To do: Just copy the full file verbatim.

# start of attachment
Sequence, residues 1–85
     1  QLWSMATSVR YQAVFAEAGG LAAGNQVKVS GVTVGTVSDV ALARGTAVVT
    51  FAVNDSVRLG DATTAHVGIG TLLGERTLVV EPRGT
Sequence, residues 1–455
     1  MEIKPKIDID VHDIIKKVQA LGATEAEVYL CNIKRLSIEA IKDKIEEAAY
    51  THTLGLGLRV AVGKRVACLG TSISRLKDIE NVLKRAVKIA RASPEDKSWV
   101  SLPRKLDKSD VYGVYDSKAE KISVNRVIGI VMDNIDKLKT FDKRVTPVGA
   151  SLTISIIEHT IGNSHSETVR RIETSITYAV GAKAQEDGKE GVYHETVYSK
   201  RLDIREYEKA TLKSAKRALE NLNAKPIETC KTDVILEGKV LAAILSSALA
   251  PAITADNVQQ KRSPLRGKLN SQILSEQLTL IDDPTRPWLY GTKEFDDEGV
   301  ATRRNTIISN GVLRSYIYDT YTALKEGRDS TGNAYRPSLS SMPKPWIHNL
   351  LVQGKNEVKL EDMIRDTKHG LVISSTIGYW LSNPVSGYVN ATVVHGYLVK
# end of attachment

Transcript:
Sequence, residues 1–85
     1  QLWSMATSVR YQAVFAEAGG LAAGNQVKVS GVTVGTVSDV ALARGTAVVT
    51  FAVNDSVRLG DATTAHVGIG TLLGERTLVV EPRGT
Sequence, residues 1–455
     1  MEIKPKIDID VHDIIKKVQA LGATEAEVYL CNIKRLSIEA IKDKIEEAAY
    51  THTLGLGLRV AVGKRVACLG TSISRLKDIE NVLKRAVKIA RASPEDKSWV
   101  SLPRKLDKSD VYGVYDSKAE KISVNRVIGI VMDNIDKLKT FDKRVTPVGA
   151  SLTISIIEHT IGNSHSETVR RIETSITYAV GAKAQEDGKE GVYHETVYSK
   201  RLDIREYEKA TLKSAKRALE NLNAKPIETC KTDVILEGKV LAAILSSALA
   251  PAITADNVQQ KRSPLRGKLN SQILSEQLTL IDDPTRPWLY GTKEFDDEGV
   301  ATRRNTIISN GVLRSYIYDT YTALKEGRDS TGNAYRPSLS SMPKPWIHNL
   351  LVQGKNEVKL EDMIRDTKHG LVISSTIGYW LSNPVSGYVN ATVVHGYLVK